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Olympic National Park Hike

Washington State...July 2002

'Whiskey Bend' to 'North Fork'
Section#4



Just click on the pictures to enlarge photo's.

Big Tree Chicago Camp Third night Elwha River Layers of Ferns Waterfall Solid rock trail

About the Forest


Superlatives about the trees abound, for several specimens reach record sizes. In some locations, the forest canopy is so thick that falling snow is caught in the trees and never reaches the ground.
There are four basic types of forests on the Olympic peninsula: Temperate rain forest, lowland, montane, and subalpine. Temperate rain forest is found at low elevations along the Pacific Ocean coast and in the western-facing valleys of the peninsula where lots of rain, moderate temperatures, and summer fogs exist. Sitka spruce is the dominant tree, but trees typical of the lowland forest also grow here, including western redcedar.
The lowland forest grows further inland from the coast, and above the rain forest valleys. You will not find Sitka spruce here, but you may see grand fir. Western hemlock will probably be the most common tree, although stands of Douglas-fir may prevail where fire or drier conditions caused by the rain shadow give these trees an advantage. Western redcedar is never an abundant tree, but its gradual disappearance is a true indicator that the upper limits of this zone have been reached.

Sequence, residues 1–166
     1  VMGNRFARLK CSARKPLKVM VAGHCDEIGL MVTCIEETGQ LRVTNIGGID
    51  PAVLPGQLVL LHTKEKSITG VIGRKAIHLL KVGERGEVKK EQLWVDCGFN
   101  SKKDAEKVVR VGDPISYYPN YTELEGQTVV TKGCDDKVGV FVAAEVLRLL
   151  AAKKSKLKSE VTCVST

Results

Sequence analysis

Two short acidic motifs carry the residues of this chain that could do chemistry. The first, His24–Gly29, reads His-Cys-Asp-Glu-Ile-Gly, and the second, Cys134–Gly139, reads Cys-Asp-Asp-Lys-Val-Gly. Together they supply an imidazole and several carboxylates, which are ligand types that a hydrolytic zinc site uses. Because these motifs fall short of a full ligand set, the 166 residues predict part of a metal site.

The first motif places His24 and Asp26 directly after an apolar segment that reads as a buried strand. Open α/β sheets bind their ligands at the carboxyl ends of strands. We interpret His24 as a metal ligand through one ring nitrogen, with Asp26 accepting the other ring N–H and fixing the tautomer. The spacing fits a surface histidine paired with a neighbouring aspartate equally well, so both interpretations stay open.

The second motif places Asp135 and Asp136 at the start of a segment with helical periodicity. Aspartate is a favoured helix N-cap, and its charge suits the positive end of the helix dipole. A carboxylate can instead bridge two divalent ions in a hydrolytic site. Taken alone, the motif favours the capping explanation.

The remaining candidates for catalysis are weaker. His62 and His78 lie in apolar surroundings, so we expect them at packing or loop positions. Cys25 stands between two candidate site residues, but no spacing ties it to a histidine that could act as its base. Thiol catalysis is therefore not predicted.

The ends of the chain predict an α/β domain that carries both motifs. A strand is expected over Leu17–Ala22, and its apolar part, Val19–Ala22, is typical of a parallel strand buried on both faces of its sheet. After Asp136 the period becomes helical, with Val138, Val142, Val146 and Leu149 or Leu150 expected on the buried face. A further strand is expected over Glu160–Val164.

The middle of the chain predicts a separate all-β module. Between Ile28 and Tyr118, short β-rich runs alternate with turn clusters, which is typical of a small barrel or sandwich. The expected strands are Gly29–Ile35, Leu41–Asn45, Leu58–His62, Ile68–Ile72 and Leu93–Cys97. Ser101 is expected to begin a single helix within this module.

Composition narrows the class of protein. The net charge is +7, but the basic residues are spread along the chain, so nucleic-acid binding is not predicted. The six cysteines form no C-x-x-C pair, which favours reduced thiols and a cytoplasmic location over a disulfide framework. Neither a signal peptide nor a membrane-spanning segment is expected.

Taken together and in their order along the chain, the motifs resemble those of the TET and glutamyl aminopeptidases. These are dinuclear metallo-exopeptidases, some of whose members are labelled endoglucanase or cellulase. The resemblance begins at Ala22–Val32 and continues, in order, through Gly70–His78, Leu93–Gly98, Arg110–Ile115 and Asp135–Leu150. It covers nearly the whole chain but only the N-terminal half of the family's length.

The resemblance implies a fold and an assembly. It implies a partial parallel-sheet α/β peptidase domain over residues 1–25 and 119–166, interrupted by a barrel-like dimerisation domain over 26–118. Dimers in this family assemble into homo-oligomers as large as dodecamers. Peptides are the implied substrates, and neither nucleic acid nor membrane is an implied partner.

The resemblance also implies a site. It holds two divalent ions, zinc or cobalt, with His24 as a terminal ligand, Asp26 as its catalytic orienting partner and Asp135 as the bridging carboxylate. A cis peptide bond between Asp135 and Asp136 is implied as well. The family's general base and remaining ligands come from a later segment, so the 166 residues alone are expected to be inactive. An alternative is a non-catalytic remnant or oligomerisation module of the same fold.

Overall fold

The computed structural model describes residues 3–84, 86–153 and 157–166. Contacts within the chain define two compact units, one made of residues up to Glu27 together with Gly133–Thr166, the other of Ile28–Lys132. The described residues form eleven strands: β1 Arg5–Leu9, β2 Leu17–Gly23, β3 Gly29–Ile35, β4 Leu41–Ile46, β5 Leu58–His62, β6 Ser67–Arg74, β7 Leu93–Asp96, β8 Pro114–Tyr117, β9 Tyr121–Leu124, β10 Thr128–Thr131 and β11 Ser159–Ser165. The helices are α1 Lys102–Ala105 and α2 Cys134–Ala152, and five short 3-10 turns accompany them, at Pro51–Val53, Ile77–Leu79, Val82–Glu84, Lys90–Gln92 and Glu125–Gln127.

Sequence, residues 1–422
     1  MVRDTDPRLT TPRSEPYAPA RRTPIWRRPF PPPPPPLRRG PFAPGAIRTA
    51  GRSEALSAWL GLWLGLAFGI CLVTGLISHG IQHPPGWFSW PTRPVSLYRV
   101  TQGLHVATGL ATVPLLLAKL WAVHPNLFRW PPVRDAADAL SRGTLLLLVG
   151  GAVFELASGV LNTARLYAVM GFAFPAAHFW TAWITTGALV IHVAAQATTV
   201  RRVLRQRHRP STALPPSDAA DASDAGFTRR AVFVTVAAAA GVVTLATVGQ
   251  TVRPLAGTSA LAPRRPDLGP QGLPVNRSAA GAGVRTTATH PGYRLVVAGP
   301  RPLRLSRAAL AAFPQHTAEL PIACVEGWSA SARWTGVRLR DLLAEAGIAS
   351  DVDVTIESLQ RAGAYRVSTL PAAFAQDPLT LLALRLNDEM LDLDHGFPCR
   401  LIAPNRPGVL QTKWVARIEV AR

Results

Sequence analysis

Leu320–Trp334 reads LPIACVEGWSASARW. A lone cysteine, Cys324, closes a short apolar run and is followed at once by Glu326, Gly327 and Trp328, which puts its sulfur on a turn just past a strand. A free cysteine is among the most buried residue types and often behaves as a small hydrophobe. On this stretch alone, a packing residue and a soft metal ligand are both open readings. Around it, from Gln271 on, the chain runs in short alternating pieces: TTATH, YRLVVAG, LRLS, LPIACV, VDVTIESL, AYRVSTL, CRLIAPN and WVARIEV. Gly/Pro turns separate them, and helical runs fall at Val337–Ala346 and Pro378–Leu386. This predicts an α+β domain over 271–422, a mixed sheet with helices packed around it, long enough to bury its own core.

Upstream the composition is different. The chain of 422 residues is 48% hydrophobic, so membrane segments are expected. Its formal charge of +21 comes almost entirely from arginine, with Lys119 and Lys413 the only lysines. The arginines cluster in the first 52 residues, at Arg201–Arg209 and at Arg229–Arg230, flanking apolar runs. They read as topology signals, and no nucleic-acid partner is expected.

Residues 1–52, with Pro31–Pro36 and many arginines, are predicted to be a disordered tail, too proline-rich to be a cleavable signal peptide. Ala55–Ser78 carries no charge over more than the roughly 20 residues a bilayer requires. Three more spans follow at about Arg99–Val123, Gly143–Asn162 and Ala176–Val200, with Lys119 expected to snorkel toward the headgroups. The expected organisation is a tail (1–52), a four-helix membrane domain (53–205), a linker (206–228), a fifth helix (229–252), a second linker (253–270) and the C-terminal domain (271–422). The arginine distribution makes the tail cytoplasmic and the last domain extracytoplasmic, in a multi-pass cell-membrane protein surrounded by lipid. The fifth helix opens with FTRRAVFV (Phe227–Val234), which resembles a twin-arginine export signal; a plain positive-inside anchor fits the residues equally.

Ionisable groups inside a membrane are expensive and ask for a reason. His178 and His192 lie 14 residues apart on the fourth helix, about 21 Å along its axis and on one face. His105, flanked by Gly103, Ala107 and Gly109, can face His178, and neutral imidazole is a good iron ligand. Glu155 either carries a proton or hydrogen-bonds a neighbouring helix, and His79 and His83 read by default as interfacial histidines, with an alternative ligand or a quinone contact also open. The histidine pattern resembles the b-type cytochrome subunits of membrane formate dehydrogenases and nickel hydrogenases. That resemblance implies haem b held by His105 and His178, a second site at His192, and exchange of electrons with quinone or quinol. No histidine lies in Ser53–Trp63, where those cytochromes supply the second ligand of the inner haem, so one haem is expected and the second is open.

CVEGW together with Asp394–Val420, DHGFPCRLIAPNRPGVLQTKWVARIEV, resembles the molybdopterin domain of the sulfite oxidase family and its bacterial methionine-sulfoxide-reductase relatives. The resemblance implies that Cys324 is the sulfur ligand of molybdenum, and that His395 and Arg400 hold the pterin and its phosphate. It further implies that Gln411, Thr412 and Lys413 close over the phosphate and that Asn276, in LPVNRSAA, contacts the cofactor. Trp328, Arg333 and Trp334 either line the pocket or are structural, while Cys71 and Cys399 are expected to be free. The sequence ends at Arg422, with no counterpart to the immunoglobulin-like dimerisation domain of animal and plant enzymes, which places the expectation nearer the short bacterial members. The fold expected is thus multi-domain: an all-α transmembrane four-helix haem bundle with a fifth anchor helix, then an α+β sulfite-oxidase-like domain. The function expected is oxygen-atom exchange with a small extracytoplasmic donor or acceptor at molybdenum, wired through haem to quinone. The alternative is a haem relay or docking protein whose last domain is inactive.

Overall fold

Gradually the lowland forest gives way to the montane forest. Unless you are an expert you may have difficulty recognizing when the change occurs. If silver fir is present you know that you have moved into the montane zone, but in drier parts of the park, the montane zone may look much like the lowland forest, with the exception that the western red cedar will no longer be present.
As elevation increases, temperatures cool and more moisture falls as snow; growing seasons get shorter and the subalpine zone takes over. Silver fir grows here as well as in the montane zone, and in the western portion of the park may be prevalent. The presence of subalpine fir, mountain hemlock, or Alaska cedar groves assure you that this is the subalpine zone. The lower portion of the subalpine zone consists of continuous forest, but in the upper part of this zone the forest thins out. Delightful alpine meadows graced with wildflowers and glacial lakes often intermingle with stands of firs. Subalpine fir is especially well adapted to the heavy snows and cold temperatures experienced here. Its spire-like shape sheds snow. It also extends its lower branches under the snow, often putting down roots from them where they touch the ground. When the snow melts the trees may be surrounded by skirt-like arrangements of longer, lower branches.
Increasing elevation causes even more severe climatic conditions. Trees become fewer, shorter, and more misshapen. Trees may be mere shadows of their cousins living lower down the mountain. Here a 100-year-old tree may be only three feet tall. Eventually tree line is reached, beyond which trees do not grow, but a profusion of wildflowers often rewards your eye in a vivid display that is an effective foil to the scenery below, now visible because the trees no longer block the view.